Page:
Andrew Marsh looks on as Dillon Snyder, unravels a piece of wire during a visit to the Technology Integration Center. The length of wire represents one nanosecond, the time it takes for information to travel across the distance of the strand. Both are members of STEM at Buena High School

FORT HUACHUCA, Ariz. -- Twenty students from Buena High School toured the facilities of the Technology Integration Center (TIC) Nov. 30, 2010, at Fort Huachuca to gain a better understanding of the electronic components the U.S. Army Information Systems Engineering Command (USAISEC) tests and fields for the Army and other Government agencies.

The students are second and third year members of the Science, Technology, Engineering and Mathematics (STEM) program. These students have certain interests in technology, which is the reason they toured the facility.

"My students don't interact with engineers on a daily basis," said Mark Goldie, a math teacher and the STEM advisor at Buena. " To see an actual working lab, to see the engineering processes that they are using are the same as this group is using and that they could be actually doing this is kind of important."

The TIC tests and evaluates various types of information technology equipment in order to field the best and most reliable hardware for use in Government communication systems.

"It is critical to ensure that the equipment that we field to the Army and the DOD (Department of Defense) meets technical and performance standards so it works correctly in the field," said William Citera, TIC director.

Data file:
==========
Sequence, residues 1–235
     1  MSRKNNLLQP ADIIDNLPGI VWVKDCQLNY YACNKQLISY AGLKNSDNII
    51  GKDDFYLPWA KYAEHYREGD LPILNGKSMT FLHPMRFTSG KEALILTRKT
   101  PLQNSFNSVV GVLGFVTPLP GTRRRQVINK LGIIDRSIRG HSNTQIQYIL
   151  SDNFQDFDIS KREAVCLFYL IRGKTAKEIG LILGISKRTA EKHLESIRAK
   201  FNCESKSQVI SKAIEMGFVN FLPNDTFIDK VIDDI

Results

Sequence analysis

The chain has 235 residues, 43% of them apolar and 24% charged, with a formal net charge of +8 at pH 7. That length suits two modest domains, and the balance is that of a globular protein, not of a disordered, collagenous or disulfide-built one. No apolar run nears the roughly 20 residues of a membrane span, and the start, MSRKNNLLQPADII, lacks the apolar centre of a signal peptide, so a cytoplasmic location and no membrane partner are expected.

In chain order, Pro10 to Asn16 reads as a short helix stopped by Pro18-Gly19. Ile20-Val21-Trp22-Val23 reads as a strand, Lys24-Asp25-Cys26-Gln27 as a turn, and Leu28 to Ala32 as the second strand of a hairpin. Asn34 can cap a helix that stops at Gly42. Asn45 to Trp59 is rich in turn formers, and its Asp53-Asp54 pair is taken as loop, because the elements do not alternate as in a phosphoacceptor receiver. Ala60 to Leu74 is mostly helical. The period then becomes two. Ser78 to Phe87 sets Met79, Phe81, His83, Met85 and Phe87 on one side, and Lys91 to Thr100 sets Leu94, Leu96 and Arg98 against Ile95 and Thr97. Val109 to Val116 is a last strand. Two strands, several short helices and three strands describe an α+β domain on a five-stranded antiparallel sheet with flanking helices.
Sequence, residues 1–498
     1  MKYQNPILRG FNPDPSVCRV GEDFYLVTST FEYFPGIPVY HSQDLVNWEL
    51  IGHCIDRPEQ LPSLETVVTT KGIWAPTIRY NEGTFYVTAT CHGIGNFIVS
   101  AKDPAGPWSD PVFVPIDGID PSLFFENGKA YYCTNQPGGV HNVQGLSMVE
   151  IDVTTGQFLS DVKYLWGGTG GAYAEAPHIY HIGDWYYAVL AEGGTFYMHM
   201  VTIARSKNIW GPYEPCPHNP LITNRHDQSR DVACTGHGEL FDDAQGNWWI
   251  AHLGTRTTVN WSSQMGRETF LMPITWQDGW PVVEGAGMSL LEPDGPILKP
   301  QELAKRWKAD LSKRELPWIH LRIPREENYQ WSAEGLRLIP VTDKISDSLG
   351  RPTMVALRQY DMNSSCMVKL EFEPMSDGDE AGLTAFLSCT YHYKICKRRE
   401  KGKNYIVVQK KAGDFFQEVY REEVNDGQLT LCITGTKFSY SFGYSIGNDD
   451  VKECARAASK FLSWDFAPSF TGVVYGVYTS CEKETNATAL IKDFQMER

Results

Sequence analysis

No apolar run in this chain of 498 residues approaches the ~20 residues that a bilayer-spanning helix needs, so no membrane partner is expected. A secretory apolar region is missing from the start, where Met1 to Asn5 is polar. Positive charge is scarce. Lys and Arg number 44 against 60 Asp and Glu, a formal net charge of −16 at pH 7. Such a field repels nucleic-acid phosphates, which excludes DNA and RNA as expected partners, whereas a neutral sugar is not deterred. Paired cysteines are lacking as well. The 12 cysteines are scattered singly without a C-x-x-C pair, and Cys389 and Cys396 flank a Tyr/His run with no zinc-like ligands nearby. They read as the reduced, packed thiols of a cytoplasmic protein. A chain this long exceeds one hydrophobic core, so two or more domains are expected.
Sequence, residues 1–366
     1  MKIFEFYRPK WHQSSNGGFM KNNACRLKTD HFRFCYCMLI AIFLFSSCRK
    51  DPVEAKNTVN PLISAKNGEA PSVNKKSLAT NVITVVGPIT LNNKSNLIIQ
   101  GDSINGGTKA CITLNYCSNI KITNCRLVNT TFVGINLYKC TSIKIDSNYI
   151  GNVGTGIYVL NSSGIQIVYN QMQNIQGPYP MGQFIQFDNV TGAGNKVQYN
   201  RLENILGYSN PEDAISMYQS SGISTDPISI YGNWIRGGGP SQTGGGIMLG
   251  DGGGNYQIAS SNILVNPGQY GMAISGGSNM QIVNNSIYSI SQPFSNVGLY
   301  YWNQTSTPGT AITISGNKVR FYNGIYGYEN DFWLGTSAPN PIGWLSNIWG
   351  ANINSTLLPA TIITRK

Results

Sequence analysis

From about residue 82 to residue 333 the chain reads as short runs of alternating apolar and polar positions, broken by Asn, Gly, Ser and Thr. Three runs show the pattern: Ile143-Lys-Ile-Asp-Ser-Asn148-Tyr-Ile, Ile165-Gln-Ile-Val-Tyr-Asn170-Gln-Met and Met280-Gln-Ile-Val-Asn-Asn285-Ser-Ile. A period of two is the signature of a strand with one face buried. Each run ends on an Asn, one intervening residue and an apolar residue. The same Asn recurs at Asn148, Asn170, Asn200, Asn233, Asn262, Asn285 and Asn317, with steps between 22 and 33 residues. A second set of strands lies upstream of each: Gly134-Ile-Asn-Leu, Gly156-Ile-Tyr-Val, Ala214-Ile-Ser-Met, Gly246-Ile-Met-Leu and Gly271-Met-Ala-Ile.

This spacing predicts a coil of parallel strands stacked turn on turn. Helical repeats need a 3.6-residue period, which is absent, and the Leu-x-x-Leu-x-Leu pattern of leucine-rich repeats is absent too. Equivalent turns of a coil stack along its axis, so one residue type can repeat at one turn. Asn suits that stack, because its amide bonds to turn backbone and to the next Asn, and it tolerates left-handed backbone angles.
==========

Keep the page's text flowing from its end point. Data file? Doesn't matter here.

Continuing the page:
The students toured four laboratories within the center. These labs test a variety of technologies ranging from wireless electronic components to computer systems. The intent of the tour was to show the students what the TIC does and to maintain the students' interest in engineering.

"It was an opportunity to connect with the community, to show them what we do here, to keep them excited about future careers in science, technology and engineering, and to know what types of opportunities there are to do that type of work for the Government," said Citera. "It's one thing for the students to study basic math and physics, but another to give them an opportunity to see how that's actually applied in the real world."

On the flip-side, Goldie said that he hoped the tour showcased future engineers to the TIC personnel.

"I hope our community outreach goes both ways," he said. "Believe it or not, this is a recruiting trip. I think it goes both ways in that direction."

STEM program students had the opportunity to view various types of electronics equipment, server areas and were able to pose questions to TIC engineers. Most students walked away from the tour saying they had learned a lot from the walk through.

"I hope to be an engineer when I get out of college, so I found it to be very useful," said Trey Goodwin, a STEM program student. "I've learned a lot more about this field. I want to make things faster and work out the bugs we have in things today."

Page last updated Fri July 22nd, 2011 at 12:16